In retrospect: How well did that turn out?

Posted by jrpardinas | Report as abusive

Everyone sitting on a fence uncertain which way to jump is “wobbly”.

Questions posed by Mr. Ramberg are those that should have been weighed and decided before last month’s speech. The problem is not a lack of equilibrium. It is a lack of conviction and resolve…a conspicuous lack of leadership by our “dear leader”.

Lead, follow or get out of the way. Events wait for no one.

Posted by OneOfTheSheep | Report as abusive

Another story like this. It seems the USA has been the object of many a discussion, ridicule, disgust and otherwise blame for being the “world police” and butting into other countries affairs, but when they dont, they are seen as “wobbly” or labled the bad guys because they are not stepping in to help. Perhaps it is all the “Death to America” signs being held up and seen on every 24 hour news network or perhaps the constant burning of American flags whenever there is an uprising? Listen up, you cant have it both ways, either ask for ASmerican help and appreciate it and all that comes with it, or say no thanks and keep your criticism to yourself when it comes to who cares or not.

Posted by Jas1969 | Report as abusive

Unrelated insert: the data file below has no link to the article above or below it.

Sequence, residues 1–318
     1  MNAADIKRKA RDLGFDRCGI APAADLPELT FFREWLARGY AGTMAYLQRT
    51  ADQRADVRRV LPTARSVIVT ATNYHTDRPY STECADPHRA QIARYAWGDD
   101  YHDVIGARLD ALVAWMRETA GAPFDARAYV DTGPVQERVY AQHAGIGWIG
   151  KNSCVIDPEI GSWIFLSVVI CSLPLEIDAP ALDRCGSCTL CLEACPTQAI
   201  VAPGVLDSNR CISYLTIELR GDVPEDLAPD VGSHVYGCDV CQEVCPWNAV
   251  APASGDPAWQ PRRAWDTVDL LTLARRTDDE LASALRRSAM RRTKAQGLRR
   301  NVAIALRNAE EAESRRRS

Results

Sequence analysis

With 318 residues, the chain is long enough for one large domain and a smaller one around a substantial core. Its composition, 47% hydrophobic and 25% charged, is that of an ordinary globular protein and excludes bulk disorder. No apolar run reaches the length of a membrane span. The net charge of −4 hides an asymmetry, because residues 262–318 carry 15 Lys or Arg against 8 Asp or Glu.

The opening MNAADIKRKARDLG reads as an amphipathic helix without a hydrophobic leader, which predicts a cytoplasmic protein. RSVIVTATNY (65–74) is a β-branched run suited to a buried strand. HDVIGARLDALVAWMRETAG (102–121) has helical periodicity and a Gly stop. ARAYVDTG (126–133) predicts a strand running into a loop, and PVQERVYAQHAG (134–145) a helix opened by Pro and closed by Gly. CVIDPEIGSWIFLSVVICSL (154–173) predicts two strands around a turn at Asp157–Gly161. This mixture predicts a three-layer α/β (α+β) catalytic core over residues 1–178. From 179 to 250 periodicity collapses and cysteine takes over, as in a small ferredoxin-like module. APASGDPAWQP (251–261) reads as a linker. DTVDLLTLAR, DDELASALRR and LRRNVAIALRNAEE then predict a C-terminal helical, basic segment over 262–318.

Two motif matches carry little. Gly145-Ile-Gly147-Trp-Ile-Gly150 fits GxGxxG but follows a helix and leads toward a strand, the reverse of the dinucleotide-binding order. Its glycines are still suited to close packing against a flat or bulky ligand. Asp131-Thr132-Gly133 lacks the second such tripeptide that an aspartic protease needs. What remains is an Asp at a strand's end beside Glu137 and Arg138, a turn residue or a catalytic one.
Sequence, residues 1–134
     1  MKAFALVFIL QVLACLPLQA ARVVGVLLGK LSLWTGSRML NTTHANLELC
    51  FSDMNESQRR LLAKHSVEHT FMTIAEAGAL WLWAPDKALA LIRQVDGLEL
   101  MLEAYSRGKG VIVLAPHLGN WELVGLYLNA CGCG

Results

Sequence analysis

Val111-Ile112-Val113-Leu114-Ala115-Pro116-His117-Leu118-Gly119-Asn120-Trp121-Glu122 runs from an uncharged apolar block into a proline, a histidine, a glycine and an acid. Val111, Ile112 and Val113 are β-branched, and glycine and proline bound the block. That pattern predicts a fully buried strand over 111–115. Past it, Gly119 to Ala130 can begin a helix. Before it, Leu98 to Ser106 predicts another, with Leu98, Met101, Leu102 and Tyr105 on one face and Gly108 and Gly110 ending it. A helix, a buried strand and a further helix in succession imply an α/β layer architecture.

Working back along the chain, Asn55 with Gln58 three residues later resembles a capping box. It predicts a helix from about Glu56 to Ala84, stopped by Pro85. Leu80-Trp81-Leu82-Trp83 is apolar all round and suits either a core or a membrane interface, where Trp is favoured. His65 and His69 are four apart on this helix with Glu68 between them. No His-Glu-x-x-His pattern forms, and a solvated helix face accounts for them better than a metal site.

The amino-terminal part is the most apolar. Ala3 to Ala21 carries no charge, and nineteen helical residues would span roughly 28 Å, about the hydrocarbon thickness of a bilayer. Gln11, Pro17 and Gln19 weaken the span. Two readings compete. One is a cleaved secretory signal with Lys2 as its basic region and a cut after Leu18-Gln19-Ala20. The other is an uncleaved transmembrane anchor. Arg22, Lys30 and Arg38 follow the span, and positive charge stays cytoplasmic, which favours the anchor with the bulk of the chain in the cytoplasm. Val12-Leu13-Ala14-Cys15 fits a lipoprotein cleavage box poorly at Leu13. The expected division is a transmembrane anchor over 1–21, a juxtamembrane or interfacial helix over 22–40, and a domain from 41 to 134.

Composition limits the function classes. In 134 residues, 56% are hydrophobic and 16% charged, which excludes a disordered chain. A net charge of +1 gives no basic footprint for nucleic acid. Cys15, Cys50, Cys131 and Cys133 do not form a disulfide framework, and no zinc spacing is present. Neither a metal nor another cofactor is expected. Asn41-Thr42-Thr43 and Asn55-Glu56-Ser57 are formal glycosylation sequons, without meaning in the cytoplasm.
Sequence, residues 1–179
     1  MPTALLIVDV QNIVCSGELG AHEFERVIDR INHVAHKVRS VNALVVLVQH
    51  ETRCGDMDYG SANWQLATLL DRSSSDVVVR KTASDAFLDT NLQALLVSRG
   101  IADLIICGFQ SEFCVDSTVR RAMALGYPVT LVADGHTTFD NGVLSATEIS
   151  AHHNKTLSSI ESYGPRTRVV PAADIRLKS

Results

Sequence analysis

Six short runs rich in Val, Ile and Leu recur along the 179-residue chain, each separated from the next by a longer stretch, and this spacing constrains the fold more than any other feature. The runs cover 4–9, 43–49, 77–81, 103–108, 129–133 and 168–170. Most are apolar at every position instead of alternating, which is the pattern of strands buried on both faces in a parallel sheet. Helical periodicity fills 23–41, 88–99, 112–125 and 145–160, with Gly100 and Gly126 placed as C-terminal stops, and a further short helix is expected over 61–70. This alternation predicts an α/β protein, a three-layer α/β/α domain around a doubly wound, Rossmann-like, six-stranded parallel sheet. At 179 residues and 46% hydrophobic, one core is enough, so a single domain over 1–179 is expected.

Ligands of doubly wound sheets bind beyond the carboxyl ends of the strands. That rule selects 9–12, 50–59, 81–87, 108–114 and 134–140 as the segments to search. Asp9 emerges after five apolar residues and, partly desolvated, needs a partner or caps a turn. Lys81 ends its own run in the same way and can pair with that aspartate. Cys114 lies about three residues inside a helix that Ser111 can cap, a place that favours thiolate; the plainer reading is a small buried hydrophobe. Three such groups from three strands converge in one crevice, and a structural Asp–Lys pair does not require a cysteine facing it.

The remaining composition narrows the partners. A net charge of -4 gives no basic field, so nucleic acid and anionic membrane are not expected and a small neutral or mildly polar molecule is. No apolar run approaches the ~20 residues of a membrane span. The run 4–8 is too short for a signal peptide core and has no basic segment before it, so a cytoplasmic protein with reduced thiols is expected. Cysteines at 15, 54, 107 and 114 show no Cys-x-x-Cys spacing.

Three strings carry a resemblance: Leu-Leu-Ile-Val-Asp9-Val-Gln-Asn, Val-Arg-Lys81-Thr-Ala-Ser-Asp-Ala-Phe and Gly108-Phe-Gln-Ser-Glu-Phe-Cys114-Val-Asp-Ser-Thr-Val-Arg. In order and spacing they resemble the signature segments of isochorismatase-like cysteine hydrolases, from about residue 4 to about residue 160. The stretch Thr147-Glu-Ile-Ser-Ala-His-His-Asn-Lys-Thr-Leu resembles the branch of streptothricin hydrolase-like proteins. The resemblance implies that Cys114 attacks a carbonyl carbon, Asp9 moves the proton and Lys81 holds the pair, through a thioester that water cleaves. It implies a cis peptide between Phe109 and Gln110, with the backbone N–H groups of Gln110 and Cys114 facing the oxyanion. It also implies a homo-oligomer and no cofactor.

Ah yes! Why ignore the possibility of yet another gallant little war in the Middle East? Has the USA lost all of its sporting spirit? When will this nonsense about invading every single country in the Middle East stop being a debate?

We cannot afford to feed our poor. We cut Food Stamps. We cut Social Security. We cut Medicare. And we are certain we must cut, cut, cut more and more social benefits. We cannot “afford” it even though we charged for these programs for a working lifetime, labelled them “insurance” (and still do), are certain the country faces ruin if it meets its obligations to its own people. Yet these same people, these same “public servants” involve us with wars in the following countries, none of which ever attacked us: Iraq, Afghanistan, Libya, Egypt, Syria, Sudan, Pakistan and Israel. We can spend hundreds of billions of Social Security dollars on these endless wars but we cannot “afford” to pay an average Social Security benefit of about $1200. per month until death.

The American people are sick and tired of people like this finding ways to divert our benefit money to fight on their personal favorite side in ethnic and religious conflicts the world over. Each and every one of these opportunities, we are told, in more “noble” and “compelling” than taking care of the wretches sleeping under public bridges in every state in the union. Nonsense! These people do not have the support of the American people as a whole and this constant prattling about which new war opportunity we “must” take must stop. “Wobbly” !!!